Day of the Flowers

"Good"

Day of the Flowers Review


Despite a very wobbly screenplay, this film's decent cast and gorgeous setting make it worth a look. It may be a somewhat awkward mix of comical slapstick, political ideas and darker drama, but the characters hold our interest, and the story is tangled enough to keep us wondering how it will work itself out.

It starts in Glasgow, where the political activist Rosa (Birthistle) decides to take her father's ashes to Cuba, where he once worked as an activist himself and met his wife, who later died there. Rosa's fashion-obsessed sister Allie (Wakefield) decides to come along, as well as Rosa's sardonic pal Conway (Dick). As they travel across the Cuban countryside they have a series of misadventures and meet two local men (Acosta and Simpson) who are a little too sexy and helpful to be trusted. And Rosa is reluctant to either fall in love or rely on any man.

Rosa's prickly personality is a big problem for a film that asks us to take a trip with her. She's so abrasive that she's not easy to like, and Birthistle struggles to make her sympathetic. Thankfully, she's an engaging actor who brings out Rosa's shock at having her idealism challenged by reality. And she has terrific chemistry with Acosta and Simpson, who are superb even as they simplistically represent certain aspects of Cuban society. Wakefield's story arc is less involving, but she's a lot of fun to watch, and Dick walks off with the film in an underwritten comic-relief role.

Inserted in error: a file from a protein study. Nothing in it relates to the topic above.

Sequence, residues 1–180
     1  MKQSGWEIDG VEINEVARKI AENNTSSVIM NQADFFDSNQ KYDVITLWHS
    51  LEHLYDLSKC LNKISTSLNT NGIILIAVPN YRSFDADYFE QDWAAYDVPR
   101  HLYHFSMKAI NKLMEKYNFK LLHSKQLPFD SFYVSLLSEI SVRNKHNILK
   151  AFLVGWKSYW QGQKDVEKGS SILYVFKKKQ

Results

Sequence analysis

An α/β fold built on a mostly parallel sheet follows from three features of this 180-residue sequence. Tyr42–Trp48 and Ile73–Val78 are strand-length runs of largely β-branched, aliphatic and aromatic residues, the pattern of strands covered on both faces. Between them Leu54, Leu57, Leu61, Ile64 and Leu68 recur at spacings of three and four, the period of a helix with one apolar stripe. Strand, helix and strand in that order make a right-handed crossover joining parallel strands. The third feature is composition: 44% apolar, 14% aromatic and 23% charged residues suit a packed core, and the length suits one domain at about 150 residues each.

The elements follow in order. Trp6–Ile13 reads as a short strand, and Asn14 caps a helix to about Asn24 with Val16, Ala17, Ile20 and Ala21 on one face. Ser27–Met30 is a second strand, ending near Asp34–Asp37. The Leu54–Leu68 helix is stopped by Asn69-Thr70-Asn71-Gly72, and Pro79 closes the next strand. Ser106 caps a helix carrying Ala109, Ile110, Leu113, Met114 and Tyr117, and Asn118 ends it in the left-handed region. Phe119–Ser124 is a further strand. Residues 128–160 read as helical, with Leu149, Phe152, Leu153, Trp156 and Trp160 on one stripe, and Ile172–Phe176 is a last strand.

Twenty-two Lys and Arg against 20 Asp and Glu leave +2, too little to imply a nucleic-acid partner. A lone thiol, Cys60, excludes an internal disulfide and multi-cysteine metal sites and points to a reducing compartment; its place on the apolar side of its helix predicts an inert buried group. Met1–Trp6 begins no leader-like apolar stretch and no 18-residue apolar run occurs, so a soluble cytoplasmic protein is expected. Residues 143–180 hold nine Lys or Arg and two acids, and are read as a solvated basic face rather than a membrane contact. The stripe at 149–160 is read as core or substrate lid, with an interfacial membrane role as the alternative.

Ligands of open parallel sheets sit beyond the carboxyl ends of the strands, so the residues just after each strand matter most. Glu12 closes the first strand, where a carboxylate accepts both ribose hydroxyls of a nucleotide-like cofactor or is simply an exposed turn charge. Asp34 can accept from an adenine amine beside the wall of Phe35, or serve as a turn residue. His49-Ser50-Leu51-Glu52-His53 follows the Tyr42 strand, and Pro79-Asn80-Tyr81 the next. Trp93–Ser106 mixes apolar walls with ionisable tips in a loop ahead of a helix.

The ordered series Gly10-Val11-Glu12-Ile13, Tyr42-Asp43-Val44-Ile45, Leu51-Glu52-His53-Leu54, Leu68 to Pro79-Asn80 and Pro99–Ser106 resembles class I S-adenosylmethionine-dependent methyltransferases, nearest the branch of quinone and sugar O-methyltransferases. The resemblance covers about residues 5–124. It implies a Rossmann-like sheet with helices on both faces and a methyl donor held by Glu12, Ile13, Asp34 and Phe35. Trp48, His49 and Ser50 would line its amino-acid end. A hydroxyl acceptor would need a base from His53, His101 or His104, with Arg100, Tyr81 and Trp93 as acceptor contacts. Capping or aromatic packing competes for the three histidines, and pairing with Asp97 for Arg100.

Director Roberts nicely catches the contrast between Scotland and Cuba, which looks like a picture-postcard collection of gorgeous landscapes and quaint villages, plus lots of lively Latino music. On the other hand, Houston's script never quite makes sense, failing to connect the dots of the plot. This leaves us unable to believe much of what happens, especially when the final act takes a few twists and turns involving half-hearted action and a revelation that doesn't add up. But at least we can involve ourselves in Rosa's journey of self-discovery. And Cuba really does look gorgeous.

Rich Cline



Day of the Flowers

Facts and Figures

Genre: Dramas

Run time: 99 mins

In Theaters: Friday 29th November 2013

Reviews

Contactmusic.com: 3 / 5

Rotten Tomatoes: 58%
Fresh: 7 Rotten: 5

IMDB: 5.2 / 10

Cast & Crew

Director: John Roberts

Producer: Eirene Houston

Starring: as Rosa, as Ailie, as Tomas, Bryan Dick as Conway, Christopher Simpson as Ernesto, Manuel de Blas as Ignatio Palma, Luis Alberto García as Ernesto's Cousin - Camilo, Aurora Basnuevo as Matilde, as Brenda, Olivia Poulet as Lucy

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